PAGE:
I worked at Signetics as an engineer from about 1967 to 1979. One of my tasks in the Signetics MOS marketing group was to create data sheets for new products.
I wrote the 25120 WOM data sheet, copyrighted in 1972, as a lark to see what a Signetics WOM specification might look like. I used a humorous EIMAC specification as a basis. If you look on the last footnote on the 25120 data sheet, I had included, “Due credit to EIMAC for inspiration.”.
I had always admired an EIMAC high powered vacuum tube spoof data sheet put out by Eitel-McCullough,Inc. I saw it when I was a teen Ham Operator and must have memorized it. That was in the late 1940’s. You need the data sheet to see the relevance. It was labeled the Umac 606 and featured a photo of a vacuum tube which sports a plumber’s helper as an anode/plate. The specifications were precious and I adopted them rather freely for the 25120. A sister spoof product, the Wemac 1Z2Z featured a melted down power tube and similar specifications.
I used every semiconductor business inside-witticism I knew plus whatever the MOS Department employees could add. And I used most every funny idea I could lift from the EIMAC data sheet. There isn’t a word on the data sheet that doesn’t have a hidden meaning. I included Department Head Jim Kane’s and Production Head Tom Arrieta’s names in the notes to help make them famous (also IC gurus Yagura, Kashkooli and Converse). My booth mate was Bill Sanderson, he helped with ideas and as a critic. Probably there are a lot of Engineer Jerry Lawson’s contributions too as he was a real comedian with lots of semiconductor experience. He could have invented the WOM concept. He did invent the “SCROM”. I doubt if any one else knows what that is. I’ll add later. (Jerry passed in April, 2011.)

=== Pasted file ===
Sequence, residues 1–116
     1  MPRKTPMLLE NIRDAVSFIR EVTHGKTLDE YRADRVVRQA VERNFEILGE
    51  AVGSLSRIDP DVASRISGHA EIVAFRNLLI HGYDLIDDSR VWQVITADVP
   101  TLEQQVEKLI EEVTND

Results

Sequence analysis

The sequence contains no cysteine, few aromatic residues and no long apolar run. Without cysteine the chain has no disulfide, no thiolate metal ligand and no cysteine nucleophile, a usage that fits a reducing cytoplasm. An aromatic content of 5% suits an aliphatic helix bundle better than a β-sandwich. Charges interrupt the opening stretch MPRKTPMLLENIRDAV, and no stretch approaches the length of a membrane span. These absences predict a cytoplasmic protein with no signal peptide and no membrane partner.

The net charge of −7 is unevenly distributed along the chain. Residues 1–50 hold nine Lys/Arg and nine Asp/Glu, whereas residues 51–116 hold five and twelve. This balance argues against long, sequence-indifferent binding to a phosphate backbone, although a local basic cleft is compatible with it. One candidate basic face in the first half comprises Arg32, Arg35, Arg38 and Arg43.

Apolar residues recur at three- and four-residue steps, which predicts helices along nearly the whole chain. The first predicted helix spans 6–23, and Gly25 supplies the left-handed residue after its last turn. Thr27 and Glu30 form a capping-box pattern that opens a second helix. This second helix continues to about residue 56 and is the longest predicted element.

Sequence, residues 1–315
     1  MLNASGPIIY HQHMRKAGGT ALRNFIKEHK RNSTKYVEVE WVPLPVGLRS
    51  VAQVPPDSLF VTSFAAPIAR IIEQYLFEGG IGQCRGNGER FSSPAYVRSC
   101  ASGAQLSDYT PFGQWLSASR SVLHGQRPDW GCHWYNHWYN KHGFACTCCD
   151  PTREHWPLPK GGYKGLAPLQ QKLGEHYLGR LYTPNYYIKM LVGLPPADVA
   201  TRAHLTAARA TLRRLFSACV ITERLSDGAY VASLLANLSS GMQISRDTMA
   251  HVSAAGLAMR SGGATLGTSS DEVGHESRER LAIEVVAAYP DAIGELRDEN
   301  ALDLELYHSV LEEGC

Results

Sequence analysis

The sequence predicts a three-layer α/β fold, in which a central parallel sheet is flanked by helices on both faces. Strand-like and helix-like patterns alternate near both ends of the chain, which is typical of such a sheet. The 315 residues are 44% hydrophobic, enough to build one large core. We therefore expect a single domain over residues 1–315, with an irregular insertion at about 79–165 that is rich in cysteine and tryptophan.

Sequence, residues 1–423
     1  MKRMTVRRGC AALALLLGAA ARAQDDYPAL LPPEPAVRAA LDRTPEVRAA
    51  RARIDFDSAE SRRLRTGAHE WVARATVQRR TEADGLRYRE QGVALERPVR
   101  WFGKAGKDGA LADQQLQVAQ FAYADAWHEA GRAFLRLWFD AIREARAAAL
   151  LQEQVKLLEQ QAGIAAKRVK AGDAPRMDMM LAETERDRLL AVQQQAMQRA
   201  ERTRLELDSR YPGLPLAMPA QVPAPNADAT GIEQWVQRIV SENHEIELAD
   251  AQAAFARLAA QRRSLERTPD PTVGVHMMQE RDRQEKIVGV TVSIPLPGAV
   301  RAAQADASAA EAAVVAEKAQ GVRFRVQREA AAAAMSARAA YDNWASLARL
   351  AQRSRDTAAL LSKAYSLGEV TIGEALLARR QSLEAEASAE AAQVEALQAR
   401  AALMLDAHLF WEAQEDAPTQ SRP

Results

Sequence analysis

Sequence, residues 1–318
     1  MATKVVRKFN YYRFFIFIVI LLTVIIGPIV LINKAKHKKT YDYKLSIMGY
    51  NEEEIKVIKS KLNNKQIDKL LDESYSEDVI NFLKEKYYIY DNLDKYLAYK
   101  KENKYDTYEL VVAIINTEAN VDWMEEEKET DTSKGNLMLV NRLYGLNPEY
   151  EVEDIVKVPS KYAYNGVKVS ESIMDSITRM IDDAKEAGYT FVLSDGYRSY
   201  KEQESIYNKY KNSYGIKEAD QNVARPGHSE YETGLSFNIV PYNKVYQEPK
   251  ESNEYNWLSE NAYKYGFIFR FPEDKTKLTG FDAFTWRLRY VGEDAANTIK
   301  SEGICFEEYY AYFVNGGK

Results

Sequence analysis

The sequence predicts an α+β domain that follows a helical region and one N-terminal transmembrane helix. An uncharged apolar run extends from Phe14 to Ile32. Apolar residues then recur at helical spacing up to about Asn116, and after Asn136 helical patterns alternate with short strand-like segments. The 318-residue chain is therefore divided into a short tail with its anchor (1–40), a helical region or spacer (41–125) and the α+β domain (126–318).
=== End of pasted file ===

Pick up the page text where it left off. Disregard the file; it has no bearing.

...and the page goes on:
Although the original idea of a WOM is sometimes credited to the appearance of the 1972 data sheet, I don’t know if the term “Write-Only-Memory” or WOM necessarily originated with us, but we gave it a number and a life. We passed the Write-Only-Memory data sheet around the office and to our salesmen and found it had possibilities. At a minimum it was an ice breaker. The spoof data sheet was included in the Signetics data book intentionally.
Our PR guy, Roy Twitty, caught the fever and prepared a hilarious press release to hit April 1, 1973. That spoof conferred the title of Dr. on me, everything else is surely accurate. The only copy I have looks like a draft because of a number of typos that proof reading would have caught.